Mildred Maxine (Jenkins) Miller (1932–2011), local historian, author, and President of the Genealogical Society of Iredell County
Homer Maxwell Keever (1905–1979), local teacher, historian and author
Rev. Mussenden Ebenezer Matthews (abt. 1751–1830), revolutionary Lieutenant, Presbyterian minister, and politician
Anderson Mitchell (1800–1876), US Congressman from North Carolina
Col Adlai Osborne (1744–1814), lawyer, public official, plantation owner, educational leader, Revolutionary War officer of the 2nd Rowan County Regiment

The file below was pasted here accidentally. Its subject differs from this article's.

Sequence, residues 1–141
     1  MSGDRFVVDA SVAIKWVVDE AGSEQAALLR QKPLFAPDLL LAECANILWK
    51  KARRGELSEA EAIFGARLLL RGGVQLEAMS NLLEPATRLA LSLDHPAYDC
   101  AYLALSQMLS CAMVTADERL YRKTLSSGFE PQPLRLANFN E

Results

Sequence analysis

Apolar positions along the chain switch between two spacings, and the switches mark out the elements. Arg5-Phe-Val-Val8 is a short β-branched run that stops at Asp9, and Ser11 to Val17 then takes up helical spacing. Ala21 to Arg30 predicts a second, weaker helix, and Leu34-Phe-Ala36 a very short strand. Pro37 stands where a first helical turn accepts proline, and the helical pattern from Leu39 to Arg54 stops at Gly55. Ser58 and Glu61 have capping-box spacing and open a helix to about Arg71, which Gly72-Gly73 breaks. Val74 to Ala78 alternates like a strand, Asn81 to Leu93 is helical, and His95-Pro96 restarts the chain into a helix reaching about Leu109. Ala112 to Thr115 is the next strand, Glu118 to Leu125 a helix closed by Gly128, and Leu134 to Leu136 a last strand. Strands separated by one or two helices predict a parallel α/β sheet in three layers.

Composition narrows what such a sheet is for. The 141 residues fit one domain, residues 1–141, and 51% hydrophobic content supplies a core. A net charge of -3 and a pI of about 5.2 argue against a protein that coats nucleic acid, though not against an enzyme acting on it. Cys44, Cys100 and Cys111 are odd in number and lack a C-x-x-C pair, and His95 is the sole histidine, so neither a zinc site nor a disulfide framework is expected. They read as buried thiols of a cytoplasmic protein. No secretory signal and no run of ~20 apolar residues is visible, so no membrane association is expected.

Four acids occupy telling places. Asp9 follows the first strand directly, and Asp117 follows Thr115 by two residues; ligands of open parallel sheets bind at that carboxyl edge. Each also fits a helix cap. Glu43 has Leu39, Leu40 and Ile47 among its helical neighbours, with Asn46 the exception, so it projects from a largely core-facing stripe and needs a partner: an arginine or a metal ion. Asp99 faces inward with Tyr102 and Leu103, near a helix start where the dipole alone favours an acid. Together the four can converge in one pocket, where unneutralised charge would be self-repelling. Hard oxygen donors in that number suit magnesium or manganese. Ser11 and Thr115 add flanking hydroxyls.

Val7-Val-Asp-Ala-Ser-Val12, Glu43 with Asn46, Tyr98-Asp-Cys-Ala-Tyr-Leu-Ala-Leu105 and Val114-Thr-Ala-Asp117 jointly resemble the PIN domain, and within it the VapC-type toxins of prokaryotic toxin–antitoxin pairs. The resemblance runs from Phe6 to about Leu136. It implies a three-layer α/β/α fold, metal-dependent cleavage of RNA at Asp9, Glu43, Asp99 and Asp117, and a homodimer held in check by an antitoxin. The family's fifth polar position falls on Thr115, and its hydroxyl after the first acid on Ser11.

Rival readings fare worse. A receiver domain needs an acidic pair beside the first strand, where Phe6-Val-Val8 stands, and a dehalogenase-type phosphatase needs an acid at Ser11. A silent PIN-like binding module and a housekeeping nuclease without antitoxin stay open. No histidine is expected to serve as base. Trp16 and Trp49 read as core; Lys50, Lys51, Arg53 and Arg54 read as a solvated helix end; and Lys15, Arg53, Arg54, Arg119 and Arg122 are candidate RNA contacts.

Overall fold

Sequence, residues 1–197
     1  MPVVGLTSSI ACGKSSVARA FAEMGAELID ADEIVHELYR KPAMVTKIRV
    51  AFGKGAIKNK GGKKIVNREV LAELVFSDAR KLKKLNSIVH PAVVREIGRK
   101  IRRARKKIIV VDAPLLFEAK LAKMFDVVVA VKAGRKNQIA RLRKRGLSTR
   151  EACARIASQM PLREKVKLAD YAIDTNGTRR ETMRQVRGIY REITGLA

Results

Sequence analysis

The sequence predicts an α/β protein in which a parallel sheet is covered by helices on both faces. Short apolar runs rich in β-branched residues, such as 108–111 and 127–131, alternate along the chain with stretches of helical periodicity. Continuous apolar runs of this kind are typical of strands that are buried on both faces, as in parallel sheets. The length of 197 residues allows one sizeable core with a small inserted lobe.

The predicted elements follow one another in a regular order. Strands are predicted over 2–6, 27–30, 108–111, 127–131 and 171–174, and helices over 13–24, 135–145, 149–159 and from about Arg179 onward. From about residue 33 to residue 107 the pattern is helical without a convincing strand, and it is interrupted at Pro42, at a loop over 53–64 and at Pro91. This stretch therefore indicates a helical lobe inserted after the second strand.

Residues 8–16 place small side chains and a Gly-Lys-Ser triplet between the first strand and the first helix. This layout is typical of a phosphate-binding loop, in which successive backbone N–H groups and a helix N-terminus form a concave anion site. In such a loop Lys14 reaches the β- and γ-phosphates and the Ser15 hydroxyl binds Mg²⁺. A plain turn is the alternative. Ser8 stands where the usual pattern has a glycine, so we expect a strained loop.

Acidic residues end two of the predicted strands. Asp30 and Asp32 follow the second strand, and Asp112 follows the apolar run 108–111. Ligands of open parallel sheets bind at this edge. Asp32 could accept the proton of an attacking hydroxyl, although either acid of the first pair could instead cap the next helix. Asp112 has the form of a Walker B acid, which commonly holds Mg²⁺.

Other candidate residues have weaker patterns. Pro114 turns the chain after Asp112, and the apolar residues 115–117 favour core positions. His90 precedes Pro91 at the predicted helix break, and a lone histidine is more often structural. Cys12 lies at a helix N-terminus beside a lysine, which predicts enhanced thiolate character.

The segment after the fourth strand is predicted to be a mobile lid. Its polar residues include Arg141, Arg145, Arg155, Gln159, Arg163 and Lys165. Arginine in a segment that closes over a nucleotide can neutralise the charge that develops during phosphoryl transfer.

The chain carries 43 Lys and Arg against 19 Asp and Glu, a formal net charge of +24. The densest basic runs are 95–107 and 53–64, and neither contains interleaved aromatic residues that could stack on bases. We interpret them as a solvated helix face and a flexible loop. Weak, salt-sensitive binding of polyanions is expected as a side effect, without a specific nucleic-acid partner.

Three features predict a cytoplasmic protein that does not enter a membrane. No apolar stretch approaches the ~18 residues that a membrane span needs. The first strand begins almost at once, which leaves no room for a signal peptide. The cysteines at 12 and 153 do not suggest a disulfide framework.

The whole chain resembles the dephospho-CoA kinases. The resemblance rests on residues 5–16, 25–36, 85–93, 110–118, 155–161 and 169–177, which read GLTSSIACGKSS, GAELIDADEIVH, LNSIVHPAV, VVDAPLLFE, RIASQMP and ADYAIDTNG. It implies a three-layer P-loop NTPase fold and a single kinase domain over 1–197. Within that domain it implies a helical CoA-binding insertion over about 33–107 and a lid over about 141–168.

Rufus Reid (planter) (1797–1854), planter and builder of Mount Mourne plantation, politician
William Sharpe (1742–1818), Revolutionary War patriot, lawyer, politician, author of the Fourth Creek Congregation map in 1773
Adam Torrence, Sr. (1732–1780), Revolutionary War patriot killed at the Battle of Ramsour's Mill, owner of Torrence Tavern where the Battle of Torrence's Tavern took place
Wilfred D. Turner (1855–1933), ninth Lieutenant Governor of North Carolina
Zebulon Baird Vance (1830–1894), Governor of North Carolina, lived and owned a home in Statesville (currently, a museum run by the DAR)